How Do I Know If I can Build What I Want?

How Do I Know If I Can Build What I Want?

Given enough time and money you can build anything! But a wise man counts the cost before he embarks on any endeavor. So a better question might be, when and how do I determine the cost?

While most people have no problem talking about what they want, many are reluctant to discuss budget. Perhaps this discomfort is caused by a genuine lack of knowledge of actual construction costs. But it might also be caused by fear; a fear that if you are honest with your budget, your actual costs will exceed what you want to spend. It might be counter-intuitive, but in my experience, that is the exact opposite of reality. Without an expressed budget at the outset of a project, actual costs will most likely exceed your expectations.

So when and how do I determine a construction budget? Many people find an architect after buying a piece of land or closing on a home they hope to renovate. Often they walk away from a meeting with an architect disappointed because they didn’t have a realistic construction budget and now they’re not sure what they can do. The answer to when to determine a construction budget is before you buy. Many architects will meet at no charge to discuss your project and help you determine if your scope will fit your budget. A little time spent up front can save you from a world of heart ache and financial pain.

You can also determine a construction budget by taking the amount of square footage that you intend to build or renovate and multiply it by an average cost per square foot. A good starting range for per square foot construction costs is $150 to $200. Costs can end up higher depending on finishes, level of detailing, and location, but these figures will get you in the ball park.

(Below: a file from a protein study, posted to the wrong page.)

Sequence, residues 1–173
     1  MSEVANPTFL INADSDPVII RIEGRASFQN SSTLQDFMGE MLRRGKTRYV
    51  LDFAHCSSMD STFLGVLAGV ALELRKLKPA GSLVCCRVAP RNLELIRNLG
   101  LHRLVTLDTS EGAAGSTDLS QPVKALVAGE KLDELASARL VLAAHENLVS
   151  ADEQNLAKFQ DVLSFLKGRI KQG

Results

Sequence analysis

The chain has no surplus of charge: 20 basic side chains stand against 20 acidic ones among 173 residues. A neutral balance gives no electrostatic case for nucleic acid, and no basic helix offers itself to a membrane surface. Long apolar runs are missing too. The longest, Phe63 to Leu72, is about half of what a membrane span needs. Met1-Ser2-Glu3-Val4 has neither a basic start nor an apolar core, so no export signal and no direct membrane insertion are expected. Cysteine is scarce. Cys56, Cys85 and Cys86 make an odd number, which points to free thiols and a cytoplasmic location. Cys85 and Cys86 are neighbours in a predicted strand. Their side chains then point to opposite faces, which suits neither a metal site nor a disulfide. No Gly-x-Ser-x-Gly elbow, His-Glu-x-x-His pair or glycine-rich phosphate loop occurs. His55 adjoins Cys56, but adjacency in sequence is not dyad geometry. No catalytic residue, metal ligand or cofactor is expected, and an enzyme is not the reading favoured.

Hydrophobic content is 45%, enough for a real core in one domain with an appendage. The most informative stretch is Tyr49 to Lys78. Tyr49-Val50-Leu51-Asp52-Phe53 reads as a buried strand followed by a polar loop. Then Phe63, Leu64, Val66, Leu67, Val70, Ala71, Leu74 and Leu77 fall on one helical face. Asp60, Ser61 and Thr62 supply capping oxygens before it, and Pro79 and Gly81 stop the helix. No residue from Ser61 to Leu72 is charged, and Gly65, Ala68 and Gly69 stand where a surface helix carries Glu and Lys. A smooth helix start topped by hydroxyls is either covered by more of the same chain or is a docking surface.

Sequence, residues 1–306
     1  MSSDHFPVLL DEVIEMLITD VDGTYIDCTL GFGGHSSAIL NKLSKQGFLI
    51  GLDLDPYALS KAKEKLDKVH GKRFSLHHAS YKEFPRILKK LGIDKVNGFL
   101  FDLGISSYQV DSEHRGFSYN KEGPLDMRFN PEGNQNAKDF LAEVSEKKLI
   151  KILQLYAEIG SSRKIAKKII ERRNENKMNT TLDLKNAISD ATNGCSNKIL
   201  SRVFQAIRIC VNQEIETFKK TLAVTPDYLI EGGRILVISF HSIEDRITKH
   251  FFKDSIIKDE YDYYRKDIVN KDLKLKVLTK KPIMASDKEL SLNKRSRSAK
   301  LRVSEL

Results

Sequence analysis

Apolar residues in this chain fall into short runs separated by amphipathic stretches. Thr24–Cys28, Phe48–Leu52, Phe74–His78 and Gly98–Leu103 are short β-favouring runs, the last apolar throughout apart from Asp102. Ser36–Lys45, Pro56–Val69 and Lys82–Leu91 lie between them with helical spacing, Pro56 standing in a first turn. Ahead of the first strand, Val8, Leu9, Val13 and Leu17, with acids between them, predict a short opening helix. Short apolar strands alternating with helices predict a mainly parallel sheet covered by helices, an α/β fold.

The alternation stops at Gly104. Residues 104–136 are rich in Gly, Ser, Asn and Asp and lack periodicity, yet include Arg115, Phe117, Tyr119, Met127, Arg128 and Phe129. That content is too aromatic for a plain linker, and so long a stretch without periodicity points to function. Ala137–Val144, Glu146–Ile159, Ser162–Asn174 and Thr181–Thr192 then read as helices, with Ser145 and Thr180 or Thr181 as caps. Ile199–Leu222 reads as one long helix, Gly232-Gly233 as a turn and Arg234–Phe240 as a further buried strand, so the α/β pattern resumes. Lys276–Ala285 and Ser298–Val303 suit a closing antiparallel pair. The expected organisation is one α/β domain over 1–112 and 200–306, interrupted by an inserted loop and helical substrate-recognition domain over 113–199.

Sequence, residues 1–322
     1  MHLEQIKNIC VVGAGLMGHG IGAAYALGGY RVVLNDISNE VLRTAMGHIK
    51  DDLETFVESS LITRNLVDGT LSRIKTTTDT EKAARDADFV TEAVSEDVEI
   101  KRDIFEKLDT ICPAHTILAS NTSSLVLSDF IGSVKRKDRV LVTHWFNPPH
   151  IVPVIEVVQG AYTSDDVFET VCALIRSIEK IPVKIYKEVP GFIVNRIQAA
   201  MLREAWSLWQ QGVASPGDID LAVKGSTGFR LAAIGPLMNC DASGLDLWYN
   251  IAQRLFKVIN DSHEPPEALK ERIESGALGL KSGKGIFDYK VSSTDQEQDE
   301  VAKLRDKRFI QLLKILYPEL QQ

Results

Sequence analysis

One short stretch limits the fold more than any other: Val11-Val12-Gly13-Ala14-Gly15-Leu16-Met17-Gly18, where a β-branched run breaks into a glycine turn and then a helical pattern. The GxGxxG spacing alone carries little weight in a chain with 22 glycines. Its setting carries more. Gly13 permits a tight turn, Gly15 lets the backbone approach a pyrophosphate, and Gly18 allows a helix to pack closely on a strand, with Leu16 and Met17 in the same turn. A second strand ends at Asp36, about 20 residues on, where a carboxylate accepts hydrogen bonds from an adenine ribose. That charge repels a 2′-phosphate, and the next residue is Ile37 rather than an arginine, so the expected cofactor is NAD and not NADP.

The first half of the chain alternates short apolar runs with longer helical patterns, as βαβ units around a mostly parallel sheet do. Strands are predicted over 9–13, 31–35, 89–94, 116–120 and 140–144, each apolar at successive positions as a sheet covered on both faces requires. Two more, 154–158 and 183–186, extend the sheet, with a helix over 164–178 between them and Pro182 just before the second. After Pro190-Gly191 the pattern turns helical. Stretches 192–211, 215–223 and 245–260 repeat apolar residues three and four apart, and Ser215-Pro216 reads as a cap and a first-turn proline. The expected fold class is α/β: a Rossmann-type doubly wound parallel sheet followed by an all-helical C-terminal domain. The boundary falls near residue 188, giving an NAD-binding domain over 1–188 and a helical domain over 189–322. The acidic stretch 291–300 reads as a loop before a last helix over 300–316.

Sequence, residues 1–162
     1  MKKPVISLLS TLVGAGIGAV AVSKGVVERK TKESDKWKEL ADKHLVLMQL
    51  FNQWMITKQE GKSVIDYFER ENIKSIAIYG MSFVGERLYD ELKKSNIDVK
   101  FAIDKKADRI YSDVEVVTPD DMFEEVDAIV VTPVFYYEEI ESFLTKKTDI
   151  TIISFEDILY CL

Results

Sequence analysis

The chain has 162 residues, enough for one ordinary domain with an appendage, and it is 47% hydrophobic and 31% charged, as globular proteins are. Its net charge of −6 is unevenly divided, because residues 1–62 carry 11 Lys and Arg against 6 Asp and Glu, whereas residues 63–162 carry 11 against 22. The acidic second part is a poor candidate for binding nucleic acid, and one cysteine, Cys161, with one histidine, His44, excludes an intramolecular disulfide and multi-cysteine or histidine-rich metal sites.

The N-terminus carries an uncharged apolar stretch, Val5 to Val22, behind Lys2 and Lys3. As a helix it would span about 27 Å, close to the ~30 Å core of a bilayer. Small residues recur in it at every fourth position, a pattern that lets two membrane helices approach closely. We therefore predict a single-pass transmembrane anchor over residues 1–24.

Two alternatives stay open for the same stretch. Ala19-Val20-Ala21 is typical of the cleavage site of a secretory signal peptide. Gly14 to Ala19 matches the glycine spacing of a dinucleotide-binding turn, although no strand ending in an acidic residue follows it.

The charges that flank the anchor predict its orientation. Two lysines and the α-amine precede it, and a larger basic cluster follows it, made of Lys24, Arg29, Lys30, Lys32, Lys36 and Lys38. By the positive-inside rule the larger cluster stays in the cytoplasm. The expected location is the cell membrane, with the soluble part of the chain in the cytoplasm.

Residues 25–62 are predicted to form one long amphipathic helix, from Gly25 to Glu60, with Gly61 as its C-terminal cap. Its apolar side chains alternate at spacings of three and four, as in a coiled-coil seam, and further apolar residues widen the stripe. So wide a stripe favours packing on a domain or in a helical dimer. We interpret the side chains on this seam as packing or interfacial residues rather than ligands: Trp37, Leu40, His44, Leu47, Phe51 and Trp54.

This year I worked with two different couples that involved me in their project at two different points with two very different outcomes. The first couple was looking for a lot on which to build or a house to buy and renovate. They knew how much they could spend and asked me to help them with their decision making process. We looked at one vacant lot and two possible renovations and developed design concepts for each. After evaluating both for cost and design, they made their decision with realistic information and were successful because of it.

The second couple purchased a piece of land but didn’t have a realistic idea of what it would cost to build the home they wanted. Then they looked for an architect. With their excitement dashed, they now have fewer options. They own a piece of land but will have to build less or spend more.

Unfortunately, the second couple is much more common than the first.  As an architect, one of my jobs is to give my clients the information they need to make the decisions that are right for them. Sometimes that information is not pleasant to receive. However, a design you love but can not afford does not improve your quality of life and will remain in the realm of dreams rather than making its way to reality.

Considering the cost first will provide you the best possibility of making your dreams for home come true.